View Updated Spreadsheet

Durham Region Light Pollution and where to find a Dark Sky Site

Light pollution map of Durham Region.

When I first started observing with my telescopes, I had an idea what light pollution meant, but did not realize its impact on visual observation especially on Deep Sky Objects (DSO’s). I thought I could observe anywhere I wanted  as long as it was a cloudless sky. I live in the Durham Region after all. Not so fast.

I spent an entire week hunting for the M13 and the Andromeda Galaxy to no avail. Why? Because my sky was brighter than these faint objects. I eliminated most of the local light pollution from my backyard by turning my kitchen lights off, my cell phone, light shields for my telescopes, and used a blanket over my head to block out my neighbour’s lights. After 15 mins of dark adaptation, I still see nothing of these objects.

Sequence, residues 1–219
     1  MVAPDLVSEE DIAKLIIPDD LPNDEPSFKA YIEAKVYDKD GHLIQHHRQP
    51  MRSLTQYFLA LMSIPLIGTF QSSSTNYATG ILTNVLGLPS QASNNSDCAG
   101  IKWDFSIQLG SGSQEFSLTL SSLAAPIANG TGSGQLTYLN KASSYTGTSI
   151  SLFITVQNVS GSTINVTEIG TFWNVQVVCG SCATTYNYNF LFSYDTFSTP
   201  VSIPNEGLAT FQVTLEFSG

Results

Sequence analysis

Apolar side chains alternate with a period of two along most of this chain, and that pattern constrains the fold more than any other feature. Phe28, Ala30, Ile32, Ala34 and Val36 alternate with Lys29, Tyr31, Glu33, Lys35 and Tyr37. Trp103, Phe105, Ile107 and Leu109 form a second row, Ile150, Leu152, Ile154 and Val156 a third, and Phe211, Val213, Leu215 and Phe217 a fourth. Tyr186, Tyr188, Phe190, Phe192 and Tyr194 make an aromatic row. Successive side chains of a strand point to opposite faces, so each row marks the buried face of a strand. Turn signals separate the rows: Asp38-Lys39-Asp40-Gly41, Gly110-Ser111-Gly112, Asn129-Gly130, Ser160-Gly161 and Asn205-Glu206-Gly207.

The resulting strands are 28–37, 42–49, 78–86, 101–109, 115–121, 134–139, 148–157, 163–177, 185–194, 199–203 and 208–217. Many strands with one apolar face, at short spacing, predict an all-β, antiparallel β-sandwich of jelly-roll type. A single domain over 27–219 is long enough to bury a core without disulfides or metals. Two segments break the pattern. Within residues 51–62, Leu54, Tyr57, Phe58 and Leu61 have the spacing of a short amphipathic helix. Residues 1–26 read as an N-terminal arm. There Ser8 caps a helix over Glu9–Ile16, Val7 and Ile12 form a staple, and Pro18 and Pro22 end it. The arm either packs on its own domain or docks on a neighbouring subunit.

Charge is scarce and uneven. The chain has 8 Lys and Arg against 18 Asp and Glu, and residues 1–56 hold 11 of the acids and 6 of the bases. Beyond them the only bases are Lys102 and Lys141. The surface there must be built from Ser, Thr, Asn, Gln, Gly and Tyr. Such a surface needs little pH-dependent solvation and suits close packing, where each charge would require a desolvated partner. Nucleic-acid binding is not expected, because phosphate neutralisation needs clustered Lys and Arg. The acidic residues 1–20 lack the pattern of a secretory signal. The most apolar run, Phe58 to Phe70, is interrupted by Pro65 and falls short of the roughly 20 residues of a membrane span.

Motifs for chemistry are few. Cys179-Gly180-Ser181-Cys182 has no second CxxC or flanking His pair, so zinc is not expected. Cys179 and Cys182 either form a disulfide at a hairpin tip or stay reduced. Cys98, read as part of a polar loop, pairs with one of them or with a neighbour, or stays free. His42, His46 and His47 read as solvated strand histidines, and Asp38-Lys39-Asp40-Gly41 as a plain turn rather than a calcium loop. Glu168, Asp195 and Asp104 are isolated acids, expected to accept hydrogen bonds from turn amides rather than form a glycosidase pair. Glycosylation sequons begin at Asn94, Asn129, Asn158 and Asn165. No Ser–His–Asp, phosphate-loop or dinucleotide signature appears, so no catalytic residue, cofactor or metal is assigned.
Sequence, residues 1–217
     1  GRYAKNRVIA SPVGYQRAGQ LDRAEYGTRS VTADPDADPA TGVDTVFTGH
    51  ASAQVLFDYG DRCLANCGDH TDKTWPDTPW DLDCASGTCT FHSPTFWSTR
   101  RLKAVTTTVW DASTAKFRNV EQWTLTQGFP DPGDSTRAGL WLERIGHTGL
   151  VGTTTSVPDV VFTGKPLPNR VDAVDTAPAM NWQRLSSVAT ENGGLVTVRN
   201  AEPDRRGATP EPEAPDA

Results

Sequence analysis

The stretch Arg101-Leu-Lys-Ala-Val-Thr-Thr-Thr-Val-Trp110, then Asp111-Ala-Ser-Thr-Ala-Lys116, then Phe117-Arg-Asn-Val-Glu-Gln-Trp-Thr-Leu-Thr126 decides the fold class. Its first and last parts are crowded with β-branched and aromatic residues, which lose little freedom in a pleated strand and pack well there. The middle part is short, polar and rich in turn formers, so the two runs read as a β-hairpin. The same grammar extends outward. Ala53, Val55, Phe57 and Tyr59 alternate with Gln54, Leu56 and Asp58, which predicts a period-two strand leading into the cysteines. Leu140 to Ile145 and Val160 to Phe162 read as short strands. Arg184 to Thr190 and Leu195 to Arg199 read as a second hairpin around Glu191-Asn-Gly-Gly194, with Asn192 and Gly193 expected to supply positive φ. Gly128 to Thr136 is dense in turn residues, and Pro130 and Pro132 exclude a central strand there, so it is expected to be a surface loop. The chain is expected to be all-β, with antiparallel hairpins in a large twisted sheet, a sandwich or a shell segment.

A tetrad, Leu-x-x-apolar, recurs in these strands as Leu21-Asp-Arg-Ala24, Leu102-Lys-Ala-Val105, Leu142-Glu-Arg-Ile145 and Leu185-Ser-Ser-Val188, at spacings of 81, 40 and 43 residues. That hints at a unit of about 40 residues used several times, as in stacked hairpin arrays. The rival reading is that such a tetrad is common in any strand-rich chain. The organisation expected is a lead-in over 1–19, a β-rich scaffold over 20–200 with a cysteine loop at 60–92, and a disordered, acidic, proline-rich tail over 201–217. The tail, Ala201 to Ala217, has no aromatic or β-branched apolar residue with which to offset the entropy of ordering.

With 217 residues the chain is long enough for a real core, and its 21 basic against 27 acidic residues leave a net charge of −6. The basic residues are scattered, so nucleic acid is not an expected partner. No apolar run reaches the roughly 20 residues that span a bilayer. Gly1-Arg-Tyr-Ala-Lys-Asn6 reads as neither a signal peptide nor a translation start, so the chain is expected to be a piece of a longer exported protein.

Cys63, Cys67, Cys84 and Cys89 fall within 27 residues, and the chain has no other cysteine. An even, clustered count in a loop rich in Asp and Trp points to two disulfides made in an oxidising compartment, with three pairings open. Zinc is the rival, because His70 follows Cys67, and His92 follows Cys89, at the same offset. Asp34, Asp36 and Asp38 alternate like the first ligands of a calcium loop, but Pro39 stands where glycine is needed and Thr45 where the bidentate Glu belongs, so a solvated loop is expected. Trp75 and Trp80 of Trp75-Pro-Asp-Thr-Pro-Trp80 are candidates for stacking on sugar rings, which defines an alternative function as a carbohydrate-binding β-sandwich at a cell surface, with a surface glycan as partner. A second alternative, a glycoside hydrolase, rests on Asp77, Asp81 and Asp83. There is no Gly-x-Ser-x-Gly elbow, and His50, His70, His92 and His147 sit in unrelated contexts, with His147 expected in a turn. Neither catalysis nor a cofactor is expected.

It turns out that there is a ‘light dome’ high above my sky. The light pollution map above represents the intensity of this light dome super imposed over a map of Durham Region and eastern Greater Toronto Area (GTA). In the order of brightness level:

  • White – Entire sky is grayish or brighter.
  • Red – Milkyway at best very faint at zenith.
  • Orange – Milkyway washed out at zenith and invisible at horizon.
  • Green – Some dark lanes in milkyway but no bulge into Ophiuchus.
  • Yellow – Zodiacal light seen on best nights.
  • Blue – Low light domes on horizon.
  • Grey – Faint shadows cast by milkyway visible on white objects.
  • Black – Gegenschein visible. Zodiacal light annoyingly bright.